Death Angel themselves aren't directly political—they're more, well, thoughtful. Mysterious. Dealing with larger concepts—aging, power, the use of senses, betrayal, struggles. Themes that wind in and out of the material on Act III, spiking their basic, heavy sound. Themes that are more serious than the guys who make music out of them, "We're always loud," Mark admits. "You can't really expect to take us somewhere nice and expect us to behave. There's always someone yelling and throwing something. When all five of us get together it's never a quiet thing." Separately, "Gus is very silent; he keeps to himself," says Mark, describing his bandmates. "Rob is really hard-headed when it comes to stuff he believes in, but he's also the kindest. Andy and Rob are the two most intelligent, but Andy's really moody. Dennis is kind of the loud, obnoxious one. I'm loud, but Dennis is the shit-starter, the untactfully loud one." When not on tour Mark stays home, practicing his vocals. He also runs and works out. "Andy works out a lot also, and we go to shows a lot. Rob and Dennis, they love to fish. They do it whenever they can. I hate fishing. Me and Andy refuse to go—they always ask us in a joking way. It doesn't get me jumping."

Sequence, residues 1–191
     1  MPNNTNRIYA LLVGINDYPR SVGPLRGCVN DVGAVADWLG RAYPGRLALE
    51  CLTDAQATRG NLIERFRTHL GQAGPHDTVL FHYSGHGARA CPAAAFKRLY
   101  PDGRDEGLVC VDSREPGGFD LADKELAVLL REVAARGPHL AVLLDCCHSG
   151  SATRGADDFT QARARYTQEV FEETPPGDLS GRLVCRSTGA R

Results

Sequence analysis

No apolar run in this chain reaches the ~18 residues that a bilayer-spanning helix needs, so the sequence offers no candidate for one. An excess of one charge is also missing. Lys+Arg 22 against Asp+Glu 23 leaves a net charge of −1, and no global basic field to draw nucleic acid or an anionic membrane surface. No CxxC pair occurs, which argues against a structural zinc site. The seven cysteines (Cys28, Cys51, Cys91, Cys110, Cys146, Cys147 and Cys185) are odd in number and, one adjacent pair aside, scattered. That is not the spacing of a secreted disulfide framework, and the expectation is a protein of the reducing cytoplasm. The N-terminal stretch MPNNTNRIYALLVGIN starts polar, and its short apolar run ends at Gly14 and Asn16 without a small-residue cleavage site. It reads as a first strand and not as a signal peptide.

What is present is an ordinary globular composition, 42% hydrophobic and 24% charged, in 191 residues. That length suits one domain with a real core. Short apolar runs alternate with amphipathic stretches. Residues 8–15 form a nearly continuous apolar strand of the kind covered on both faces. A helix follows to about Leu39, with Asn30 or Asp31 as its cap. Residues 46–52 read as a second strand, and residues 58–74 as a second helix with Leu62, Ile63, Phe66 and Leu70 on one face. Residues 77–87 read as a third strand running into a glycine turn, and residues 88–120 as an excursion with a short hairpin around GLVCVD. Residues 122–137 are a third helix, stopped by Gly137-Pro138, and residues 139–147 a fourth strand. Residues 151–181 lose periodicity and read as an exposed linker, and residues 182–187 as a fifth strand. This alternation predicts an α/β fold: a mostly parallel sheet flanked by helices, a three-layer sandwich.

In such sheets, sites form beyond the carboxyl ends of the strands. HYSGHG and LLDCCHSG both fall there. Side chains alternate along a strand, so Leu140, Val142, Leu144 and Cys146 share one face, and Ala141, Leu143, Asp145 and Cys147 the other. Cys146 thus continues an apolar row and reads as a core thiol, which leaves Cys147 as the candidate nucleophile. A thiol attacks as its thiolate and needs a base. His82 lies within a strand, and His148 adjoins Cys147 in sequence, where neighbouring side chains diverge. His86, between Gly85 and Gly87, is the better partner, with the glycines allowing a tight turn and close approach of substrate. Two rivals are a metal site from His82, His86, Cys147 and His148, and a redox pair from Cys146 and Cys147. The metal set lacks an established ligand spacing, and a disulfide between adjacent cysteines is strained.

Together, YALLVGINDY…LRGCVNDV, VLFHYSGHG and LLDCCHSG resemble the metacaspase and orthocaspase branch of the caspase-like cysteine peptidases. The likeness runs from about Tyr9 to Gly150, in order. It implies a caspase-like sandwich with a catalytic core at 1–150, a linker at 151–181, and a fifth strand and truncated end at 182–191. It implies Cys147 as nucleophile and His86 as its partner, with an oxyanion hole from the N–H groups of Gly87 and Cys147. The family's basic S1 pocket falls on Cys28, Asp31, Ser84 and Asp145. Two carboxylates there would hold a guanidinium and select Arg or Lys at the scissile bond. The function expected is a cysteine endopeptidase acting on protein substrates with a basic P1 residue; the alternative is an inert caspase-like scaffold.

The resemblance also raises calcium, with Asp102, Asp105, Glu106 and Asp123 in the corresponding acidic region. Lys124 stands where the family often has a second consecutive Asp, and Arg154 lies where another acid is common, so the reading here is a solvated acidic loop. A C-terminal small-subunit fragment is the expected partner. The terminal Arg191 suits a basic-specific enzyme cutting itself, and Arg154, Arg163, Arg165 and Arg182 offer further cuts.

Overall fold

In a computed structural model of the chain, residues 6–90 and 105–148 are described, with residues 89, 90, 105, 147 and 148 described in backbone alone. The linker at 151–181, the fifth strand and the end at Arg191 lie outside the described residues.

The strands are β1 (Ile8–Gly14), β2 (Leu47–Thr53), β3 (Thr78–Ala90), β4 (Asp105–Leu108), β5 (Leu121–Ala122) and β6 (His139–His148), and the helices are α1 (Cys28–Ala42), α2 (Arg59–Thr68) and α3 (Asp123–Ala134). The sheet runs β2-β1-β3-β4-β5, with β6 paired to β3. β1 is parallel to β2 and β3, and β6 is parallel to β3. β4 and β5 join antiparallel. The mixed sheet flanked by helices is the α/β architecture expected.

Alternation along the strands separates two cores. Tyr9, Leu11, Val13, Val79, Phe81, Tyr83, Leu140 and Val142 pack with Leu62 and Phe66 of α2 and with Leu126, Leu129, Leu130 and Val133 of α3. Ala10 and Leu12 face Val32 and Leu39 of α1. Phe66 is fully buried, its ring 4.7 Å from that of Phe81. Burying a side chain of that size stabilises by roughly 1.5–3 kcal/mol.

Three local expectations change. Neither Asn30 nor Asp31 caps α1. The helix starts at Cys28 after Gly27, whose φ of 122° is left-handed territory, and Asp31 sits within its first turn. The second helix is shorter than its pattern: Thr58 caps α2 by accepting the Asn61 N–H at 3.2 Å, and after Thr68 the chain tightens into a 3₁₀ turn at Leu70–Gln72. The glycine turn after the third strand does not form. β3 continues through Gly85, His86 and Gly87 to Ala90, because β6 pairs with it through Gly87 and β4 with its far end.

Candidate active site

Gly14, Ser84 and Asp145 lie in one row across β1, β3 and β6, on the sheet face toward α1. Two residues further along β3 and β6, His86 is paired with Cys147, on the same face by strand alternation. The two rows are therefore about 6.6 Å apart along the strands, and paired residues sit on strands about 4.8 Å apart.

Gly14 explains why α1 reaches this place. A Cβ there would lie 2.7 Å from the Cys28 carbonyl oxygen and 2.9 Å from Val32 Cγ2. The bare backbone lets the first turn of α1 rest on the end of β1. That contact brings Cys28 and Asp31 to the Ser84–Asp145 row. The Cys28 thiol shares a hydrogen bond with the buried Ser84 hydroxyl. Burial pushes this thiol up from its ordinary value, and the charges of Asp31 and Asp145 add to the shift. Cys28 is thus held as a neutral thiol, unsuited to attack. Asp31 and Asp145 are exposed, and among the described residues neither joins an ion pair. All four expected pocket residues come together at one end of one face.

"If I have time, I'll go on vacation," Mark adds—Paris is his favorite. One would think he'd get the traveling out of his system by touring, but too much of the time it's hotel-venue-bus, hotel-venue-bus. "Last tour, we had some days off in different places, so we made our rounds [of sightseeing]," Mark explains. "But this [upcoming European] tour's going to be really hectic—28 dates in 32 days. We won't have that much time to see anything." After that, tentative plans call for a trek through Japan and then a long, long tour of the States. It's the schedule of a band that's looking to live up their Next Big Thrash Band tag. "If I were to tell you we didn't care if we made it [commercially], that would be a lie," Marks says, "because we do." But "the stuff on top of the charts is so repetitive and simple and forced down [fans'] throats so much that they tend to like it. And whenever something hits and it's catching on, right away there's a bunch of people who have to jump on other people's tailcoats and go along for the ride. It's like, just go to L.A. and see how many Guns N' Roses-type of bands there are out there now.

"I wouldn't mind being successful," he continues, "'cause I want our music to reach as many people as possible. But we're not going to write music in order to be successful, but try to be successful writing the way we do, just sticking to our own guns."